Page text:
And to be honest, that's all I've ever really wanted, is to make a living at the things I love to do, write and create art.

I hope you stick around for the journey of a writer who finally gets to write.


Thursday, December 9, 2010

My first sale!

Hello everyone!  Hope your week is going well.  I just want to give a shout out to my great friend and mentor, Vanesssa Brantley Newton of Ooh La La Design Studio for being the first to purchase my collection of poems, Affirmations: and Other Poems.  Vanessa is a children's illustrator extraordinaire and I have admired her work for quite some time.  She is magnificent and I consider it an honor that she thought enough of my writing sight unseen.  Thanks so much Nessa!  Check out her lovely blog when you get the chance!

Poetry has always been my first love and was the start of my writing career.  It was a great time for African-American female writers, (back in the early and mid 90's) and I gleaned a wealth of inspiration from many other writers, both great (Alice Walker, Toni Cade Bambara, Gwendolyn Brooks) and small (local writers on the HIP-ology poetry curcuit in Detroit).  So today, I'm feeling pretty generous, and have decided to share a couple of poems from the collection.  Enjoy!


There was a gathering in the field of Sisters,
sitting around a grand table sipping tea,
exchanging words like diamonds on their tongues,
writing their very essence on the wind
like so much brilliance…
And the stars came down from Heaven and listened—
as these Sisters gathered in the field
weaving tales of woman’s love for family and kinship,
spreading their wings in flight through HERstory times,
back to Great-Grams who gave them Queenly Beauty,
dipped in sun-ripened plum juice,
poured in finest crystal,
shimmering reflections in golden rivers
of spiritual revelations like so much Africa Blood
pumping life through the veins of the Nile,
giving birth to her future generations
of Ebony, Bronze, and Topaz daughters
gathered in the field…
as the stars came down from Heaven, listened,
and later…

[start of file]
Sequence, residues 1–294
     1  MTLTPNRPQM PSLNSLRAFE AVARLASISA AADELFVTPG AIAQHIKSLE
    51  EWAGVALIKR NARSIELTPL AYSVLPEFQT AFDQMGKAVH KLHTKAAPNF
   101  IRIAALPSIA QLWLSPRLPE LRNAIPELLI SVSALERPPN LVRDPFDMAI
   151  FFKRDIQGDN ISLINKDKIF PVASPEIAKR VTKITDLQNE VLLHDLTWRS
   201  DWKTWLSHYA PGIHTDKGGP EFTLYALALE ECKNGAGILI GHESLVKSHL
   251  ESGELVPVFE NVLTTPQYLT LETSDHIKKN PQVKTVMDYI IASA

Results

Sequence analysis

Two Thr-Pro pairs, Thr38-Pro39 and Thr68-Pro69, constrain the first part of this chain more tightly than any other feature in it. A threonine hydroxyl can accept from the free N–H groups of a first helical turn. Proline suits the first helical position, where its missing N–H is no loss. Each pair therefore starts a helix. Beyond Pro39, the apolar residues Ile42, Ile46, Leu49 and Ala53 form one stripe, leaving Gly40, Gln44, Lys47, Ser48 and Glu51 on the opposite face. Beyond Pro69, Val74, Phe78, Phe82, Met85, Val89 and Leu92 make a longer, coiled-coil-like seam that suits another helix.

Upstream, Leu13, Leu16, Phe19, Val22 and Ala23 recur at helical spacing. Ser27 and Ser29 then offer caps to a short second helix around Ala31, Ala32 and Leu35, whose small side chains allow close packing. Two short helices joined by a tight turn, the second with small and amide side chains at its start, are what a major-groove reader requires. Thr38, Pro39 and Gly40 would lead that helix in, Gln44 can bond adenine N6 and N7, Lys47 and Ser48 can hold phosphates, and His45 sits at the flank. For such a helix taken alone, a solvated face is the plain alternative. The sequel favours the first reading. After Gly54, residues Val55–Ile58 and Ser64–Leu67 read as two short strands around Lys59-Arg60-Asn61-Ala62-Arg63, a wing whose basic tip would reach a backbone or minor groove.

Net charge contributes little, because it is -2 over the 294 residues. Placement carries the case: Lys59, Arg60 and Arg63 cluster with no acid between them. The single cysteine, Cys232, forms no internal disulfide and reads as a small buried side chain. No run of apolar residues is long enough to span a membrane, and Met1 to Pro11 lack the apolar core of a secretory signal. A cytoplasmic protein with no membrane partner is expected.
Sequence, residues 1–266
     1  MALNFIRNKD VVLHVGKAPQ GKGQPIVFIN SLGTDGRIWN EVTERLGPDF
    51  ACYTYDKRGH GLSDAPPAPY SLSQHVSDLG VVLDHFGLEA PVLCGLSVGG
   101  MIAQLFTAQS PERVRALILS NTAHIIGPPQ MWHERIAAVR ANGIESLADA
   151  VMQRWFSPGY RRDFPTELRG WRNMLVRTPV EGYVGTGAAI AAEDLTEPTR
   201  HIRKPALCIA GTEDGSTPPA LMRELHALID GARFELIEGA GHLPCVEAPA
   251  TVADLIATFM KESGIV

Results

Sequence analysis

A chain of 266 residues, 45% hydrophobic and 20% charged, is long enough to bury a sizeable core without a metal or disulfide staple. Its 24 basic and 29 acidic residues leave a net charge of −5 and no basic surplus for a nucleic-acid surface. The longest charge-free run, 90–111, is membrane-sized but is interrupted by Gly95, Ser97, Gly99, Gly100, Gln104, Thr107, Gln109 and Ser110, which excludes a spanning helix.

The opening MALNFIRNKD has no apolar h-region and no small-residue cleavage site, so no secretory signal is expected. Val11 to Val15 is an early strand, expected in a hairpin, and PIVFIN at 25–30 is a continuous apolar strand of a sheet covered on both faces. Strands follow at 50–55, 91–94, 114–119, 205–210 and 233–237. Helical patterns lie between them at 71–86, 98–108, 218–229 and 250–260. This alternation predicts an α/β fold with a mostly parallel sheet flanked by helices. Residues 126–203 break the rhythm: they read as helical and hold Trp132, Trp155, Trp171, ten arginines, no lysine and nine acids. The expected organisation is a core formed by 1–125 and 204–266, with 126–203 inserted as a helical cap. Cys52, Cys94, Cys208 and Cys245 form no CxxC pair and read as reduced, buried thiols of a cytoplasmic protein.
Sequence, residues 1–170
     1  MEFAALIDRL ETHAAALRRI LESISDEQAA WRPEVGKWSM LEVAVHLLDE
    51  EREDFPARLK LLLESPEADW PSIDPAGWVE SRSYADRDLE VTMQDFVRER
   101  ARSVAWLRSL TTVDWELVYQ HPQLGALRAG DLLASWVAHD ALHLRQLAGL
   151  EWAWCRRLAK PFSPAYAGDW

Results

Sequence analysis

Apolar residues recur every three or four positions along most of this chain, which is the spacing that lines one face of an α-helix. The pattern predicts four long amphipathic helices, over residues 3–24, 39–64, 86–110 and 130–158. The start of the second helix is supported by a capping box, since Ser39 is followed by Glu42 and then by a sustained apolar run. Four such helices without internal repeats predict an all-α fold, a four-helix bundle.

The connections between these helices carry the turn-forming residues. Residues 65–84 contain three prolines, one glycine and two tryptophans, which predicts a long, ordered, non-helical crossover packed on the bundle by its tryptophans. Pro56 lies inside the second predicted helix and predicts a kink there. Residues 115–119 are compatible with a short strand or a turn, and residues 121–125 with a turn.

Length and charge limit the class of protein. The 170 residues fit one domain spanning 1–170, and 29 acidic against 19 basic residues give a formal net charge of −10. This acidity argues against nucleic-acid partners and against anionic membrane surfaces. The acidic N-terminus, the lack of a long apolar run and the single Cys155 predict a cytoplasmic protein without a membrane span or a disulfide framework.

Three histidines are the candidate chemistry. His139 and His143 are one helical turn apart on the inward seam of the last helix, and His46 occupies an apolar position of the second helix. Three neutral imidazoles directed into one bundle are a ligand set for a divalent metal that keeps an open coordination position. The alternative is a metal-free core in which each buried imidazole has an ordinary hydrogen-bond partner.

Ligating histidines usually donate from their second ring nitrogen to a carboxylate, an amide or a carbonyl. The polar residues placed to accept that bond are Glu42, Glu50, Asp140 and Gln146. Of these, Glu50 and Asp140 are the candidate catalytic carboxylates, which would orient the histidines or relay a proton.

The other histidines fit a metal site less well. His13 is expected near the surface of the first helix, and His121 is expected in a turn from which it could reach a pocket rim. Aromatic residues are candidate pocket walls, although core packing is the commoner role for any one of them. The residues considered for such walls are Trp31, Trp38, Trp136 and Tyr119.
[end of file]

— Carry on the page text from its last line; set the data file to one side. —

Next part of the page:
whispered all they’d heard
to the WORLD.

© 2010, Cherrie Lynn, Affirmations: and Other Poems


Enduring the inevitable loss of your
presence.  In your absence,
the inability to touch.  The linking
of our souls, hearts in the distance of space,
so empty…needing
your embrace unable to feel,
touch, hold
holding me.
© 2010, Cherrie Lynn, Affirmations: and Other Poems

Monday, December 6, 2010

Musings of an old Newbie

When I first decided that I was going to write for a living, I was in my 20's and full of fresh ideas.  I considered myself to be the quintessential wordsmith of my neighborhood.  I was doing the poetry circuit around the greater Detroit Area, was reading at coffee houses, and had numerous poems and articles in anthologies and newspapers.  Once, I even had an editorial piece I did for a local newspaper read in a 4th grade class by my boss's son.  She was very impressed and called my phone from her office to tell me how even more impressed her son's teacher and classmates were with my essay.  Wow, I thought, this could be the beginning of something amazing. 

Fast forward to the present, and I'm still waiting for the beginning of the amazing thing to happen.  The difference is that now, at the tender age of 52, I realize that your dreams can take more work to accomplish than the everyday grind so many of us are trying to free ourselves from.  Routine, sister to familiarity and her evil twin, procrastination, can also breed contempt; either for change, or for altering what has over a period of a lifetime, become the norm.

In the day of the superfast information highway known as the internet (boy, that Al Gore is really something, isn't he?), you would think that it'd be pretty easy to get the word out about your products and/or services.  Well it is, for those people who are highly adept at (oh, how I hate this dreaded term) MARKETING.

Marketing, the nightmare of every creative person whose only wish is to create and have people knocking down one's door for the next fabulous creation of the century.  Add social networking to the pot and according to the experts, you have a whole new arena of potential customers, patrons, or whatever terminology you want to use.  For some, at least according to the millions of emails I get from the marketing gurus, this new area of business networking is the best thing since ketchup.  For me, it simply means more work than I had initially anticipated.

All griping aside, I'm fairly excited about my new choice of careers.  I am a writer and have been since I was 8 years old.  I created my own comic books and wrote lyrics to go with instrumental songs I'd hear on the radio.  And now, after a mere 46 years, I've finally decided that I'm willing to do whatever it takes, marketing wise, to get my work out there.  I sold my first short story as a ghostwriter last week. And I've just uploaded a collection of poetry for Kindle on and on entitled, Affirmations: and Other Poems, under the pen name Cherrie Lynn.  I'll be featuring the book here on my blog as well for sale as an ebook.

This blog was created to share my writing dreams, aspirations, triumphs and failures, as the case may be. And once I make that transition to becoming the next J.K. Rowling, you'll all be my witnesses;)